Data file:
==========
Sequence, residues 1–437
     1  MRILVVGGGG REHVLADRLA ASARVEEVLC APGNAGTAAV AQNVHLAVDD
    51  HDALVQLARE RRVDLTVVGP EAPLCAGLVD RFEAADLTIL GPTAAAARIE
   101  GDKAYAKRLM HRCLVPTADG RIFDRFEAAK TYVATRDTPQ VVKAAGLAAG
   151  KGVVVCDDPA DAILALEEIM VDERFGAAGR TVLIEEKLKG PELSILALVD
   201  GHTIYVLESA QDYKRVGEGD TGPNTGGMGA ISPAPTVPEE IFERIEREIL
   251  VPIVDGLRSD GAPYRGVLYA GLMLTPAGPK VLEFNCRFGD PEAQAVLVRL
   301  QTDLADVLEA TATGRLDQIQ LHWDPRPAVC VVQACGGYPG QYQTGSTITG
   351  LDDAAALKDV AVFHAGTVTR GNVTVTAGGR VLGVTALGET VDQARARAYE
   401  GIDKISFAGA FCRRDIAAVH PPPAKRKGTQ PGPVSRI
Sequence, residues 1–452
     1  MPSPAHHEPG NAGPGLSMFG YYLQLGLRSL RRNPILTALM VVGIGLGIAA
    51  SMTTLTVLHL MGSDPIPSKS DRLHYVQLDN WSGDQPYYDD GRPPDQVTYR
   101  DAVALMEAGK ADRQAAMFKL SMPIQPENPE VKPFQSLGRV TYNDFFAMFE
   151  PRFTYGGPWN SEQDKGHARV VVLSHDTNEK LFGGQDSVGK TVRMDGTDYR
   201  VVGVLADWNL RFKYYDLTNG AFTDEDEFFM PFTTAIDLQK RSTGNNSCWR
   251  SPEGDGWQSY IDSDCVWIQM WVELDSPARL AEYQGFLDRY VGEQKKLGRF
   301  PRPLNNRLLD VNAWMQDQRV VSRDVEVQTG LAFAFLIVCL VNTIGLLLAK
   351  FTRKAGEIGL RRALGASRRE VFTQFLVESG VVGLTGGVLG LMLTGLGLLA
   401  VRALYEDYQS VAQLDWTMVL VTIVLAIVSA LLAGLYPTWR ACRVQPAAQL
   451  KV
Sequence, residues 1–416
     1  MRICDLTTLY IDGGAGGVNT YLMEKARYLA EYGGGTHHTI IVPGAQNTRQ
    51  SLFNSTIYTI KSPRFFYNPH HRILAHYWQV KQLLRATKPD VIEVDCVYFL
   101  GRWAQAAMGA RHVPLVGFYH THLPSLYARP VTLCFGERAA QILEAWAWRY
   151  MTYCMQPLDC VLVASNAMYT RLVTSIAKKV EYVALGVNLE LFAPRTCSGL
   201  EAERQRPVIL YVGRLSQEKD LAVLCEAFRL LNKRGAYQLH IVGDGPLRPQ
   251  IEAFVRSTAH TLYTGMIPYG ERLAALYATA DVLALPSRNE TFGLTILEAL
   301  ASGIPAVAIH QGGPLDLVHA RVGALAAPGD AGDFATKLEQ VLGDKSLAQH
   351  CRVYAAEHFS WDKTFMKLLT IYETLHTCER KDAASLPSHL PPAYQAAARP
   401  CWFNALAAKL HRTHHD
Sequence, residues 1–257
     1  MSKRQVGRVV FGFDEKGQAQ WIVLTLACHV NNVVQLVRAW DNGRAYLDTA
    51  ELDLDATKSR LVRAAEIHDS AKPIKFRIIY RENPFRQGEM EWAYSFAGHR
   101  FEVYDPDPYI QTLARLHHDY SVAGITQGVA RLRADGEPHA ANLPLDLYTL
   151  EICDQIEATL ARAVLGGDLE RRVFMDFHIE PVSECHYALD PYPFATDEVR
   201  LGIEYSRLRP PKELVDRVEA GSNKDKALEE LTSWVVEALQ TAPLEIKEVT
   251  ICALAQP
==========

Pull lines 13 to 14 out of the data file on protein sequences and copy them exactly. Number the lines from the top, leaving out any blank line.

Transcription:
    51  SMTTLTVLHL MGSDPIPSKS DRLHYVQLDN WSGDQPYYDD GRPPDQVTYR
   101  DAVALMEAGK ADRQAAMFKL SMPIQPENPE VKPFQSLGRV TYNDFFAMFE